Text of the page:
A week after voting against an initiative to raise the county sales tax that would be used to continue ongoing light rail projects and fund other future ventures and highway projects, including an extension to Los Angeles International Airport, Los Angeles County Supervisor Don Knabe cast the deciding yes vote at the August 12th Board of Supervisors meeting. This will allow the measure to go before the voters in November, provided the State Legislature approves it.
In a stunning about-face, Knabe joined Yvonne Braithwate Burke and Zev Yaroslavsky in backing the half-cent sales tax proposal after steadfastly proclaiming his opposition to the initiative after the board first considered the proposal in June.
The vote was 3-1, with Michael Antonovich voting against the measure and Gloria Molina abstaining, but Molina later changed her vote to a no.
Knabe, whose district includes much of The Argonaut’s readership area south of Santa Monica, reiterated his opposition to the proposed sales tax hike, despite voting for it.
“I remain absolutely opposed to the MTA sales tax measure and I plan to spend my time and effort campaigning against it,” said Knabe last week, two days after he initially voted no on the ballot proposal. “The plan is not equitable for all county residents and this is the wrong time to burden people with even higher taxes.”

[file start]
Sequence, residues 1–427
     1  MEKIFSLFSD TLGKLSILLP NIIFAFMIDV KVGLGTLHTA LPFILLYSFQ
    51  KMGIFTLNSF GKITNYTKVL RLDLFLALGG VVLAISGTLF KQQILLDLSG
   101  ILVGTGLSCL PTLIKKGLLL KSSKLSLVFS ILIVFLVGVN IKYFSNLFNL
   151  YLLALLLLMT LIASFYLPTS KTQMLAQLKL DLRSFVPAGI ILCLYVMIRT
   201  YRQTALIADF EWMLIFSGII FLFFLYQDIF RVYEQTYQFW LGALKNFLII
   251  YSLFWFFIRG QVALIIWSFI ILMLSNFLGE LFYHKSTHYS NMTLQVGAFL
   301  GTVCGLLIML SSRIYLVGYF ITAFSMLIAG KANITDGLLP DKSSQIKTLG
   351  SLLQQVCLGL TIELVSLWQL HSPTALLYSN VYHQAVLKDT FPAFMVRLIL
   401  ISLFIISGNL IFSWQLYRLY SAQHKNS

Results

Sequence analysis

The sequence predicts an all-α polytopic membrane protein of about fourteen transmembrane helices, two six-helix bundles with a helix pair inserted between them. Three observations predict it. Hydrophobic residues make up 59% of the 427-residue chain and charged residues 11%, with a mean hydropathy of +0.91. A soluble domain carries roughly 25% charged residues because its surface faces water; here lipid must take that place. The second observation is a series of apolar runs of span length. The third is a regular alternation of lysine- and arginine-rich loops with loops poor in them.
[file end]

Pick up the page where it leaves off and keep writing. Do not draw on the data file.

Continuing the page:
But after Los Angeles County Metropolitan Transportation Authority (MTA or Metro) officials said that if the supervisors did not pass the measure, they were prepared to go to court and sue to put the measure on the November ballot in a consolidated election, which would have been quite expensive, Knabe had a change of heart and said, “Although I am against the sales tax plan, I cannot in good conscience burden county residents with over $10 million in higher election costs,” Knabe explained. “The taxpayers will have to pay for these costs, and that is something I will not allow to happen.”
On August 7th, Dean Logan, the county registrar-recorder/ clerk, wrote a letter to the board informing it that previous calculations for a consolidated election underestimated the expenditures that would be necessary to put the sales tax proposal on a separate ballot in the November election.
“Upon further review, it is now clear that the costs of conducting a concurrent election would be considerably higher than the preliminary estimates,” Logan wrote to the supervisors. “Our estimate for the cost to the MTA for a consolidated election was originally $7.2 million in May.
“Costs of conducting a separate and concurrent election on the MTA measure are now estimated to be in the range of $17.5 million.”
Metro officials estimate that the sales tax increase would generate $40 billion in 30 years and pay for several current and planned rail ventures that would benefit the Westside, which is plagued by some of the worst gridlock in the region.